On a gray morning this spring, Chelsea Manning climbed into the back seat of a black S.U.V. and directed her security guard to drive her to the nearest Starbucks. A storm was settling over Manhattan, and Manning was prepared for the weather, in chunky black Doc Martens with an umbrella and a form-fitting black dress. Her legs were bare, her eyes gray blue. She wore little makeup: a spot of eyeliner, a smudge of pink lip gloss.
At Starbucks, she ordered a white-chocolate mocha and retreated to a nearby stool. Manning has always been small (5 foot 4), but in her last few months at the United States Disciplinary Barracks at Fort Leavenworth, she jogged religiously, outside in the prison yard and around the track of the prison gym, and her body had taken on a lithe sharpness, apparent in the definition of her arms and cheekbones. She looked healthy and fit, if a little uneasy, as people who have served long spells in prison often do.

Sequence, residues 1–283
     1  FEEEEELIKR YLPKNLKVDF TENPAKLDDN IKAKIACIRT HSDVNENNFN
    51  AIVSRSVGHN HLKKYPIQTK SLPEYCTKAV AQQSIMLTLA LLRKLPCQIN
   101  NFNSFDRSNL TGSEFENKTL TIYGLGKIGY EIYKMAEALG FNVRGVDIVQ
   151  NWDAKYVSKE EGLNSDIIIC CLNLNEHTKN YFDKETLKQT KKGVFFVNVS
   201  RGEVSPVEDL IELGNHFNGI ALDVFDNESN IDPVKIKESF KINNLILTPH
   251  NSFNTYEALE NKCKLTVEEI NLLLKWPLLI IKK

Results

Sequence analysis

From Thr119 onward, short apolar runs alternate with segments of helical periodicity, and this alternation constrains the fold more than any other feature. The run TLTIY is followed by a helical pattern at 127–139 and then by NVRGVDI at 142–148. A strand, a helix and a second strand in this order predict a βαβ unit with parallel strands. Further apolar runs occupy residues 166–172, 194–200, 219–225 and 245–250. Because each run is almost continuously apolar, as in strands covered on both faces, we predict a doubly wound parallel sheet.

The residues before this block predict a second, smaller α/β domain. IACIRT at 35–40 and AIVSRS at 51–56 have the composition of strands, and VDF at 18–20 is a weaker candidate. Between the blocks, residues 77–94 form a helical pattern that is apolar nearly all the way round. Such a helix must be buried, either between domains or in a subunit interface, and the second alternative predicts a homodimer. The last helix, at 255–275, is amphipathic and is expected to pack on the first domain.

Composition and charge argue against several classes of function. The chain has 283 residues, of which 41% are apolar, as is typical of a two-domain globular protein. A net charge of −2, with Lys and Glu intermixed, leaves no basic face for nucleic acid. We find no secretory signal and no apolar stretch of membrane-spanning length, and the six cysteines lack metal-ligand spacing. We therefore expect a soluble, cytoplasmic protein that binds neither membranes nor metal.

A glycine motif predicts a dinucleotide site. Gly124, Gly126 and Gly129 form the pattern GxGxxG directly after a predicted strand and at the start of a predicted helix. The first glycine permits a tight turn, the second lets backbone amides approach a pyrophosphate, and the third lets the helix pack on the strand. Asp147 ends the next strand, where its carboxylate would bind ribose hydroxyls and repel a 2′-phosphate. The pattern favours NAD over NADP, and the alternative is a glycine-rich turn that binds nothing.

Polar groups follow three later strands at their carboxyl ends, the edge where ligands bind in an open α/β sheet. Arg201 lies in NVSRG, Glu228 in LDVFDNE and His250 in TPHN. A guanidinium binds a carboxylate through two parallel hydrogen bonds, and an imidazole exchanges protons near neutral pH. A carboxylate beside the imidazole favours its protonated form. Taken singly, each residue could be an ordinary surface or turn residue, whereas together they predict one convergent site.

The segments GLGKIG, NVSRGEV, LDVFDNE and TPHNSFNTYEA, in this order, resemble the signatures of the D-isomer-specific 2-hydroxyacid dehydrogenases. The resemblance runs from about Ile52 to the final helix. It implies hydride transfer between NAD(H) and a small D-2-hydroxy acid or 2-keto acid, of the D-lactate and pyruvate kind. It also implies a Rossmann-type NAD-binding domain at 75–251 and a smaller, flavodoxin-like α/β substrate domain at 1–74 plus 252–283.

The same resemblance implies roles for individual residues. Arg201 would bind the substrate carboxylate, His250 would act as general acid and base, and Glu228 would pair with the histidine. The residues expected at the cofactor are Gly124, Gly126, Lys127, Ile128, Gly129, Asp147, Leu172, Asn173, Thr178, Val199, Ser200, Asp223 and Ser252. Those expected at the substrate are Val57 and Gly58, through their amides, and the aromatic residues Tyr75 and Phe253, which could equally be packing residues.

She had been released only eight days earlier, after serving seven years of a 35-year sentence. Her crime, even in hindsight, was an astonishing one: handing WikiLeaks approximately 250,000 American diplomatic cables and roughly 480,000 Army reports from the wars in Afghanistan and Iraq.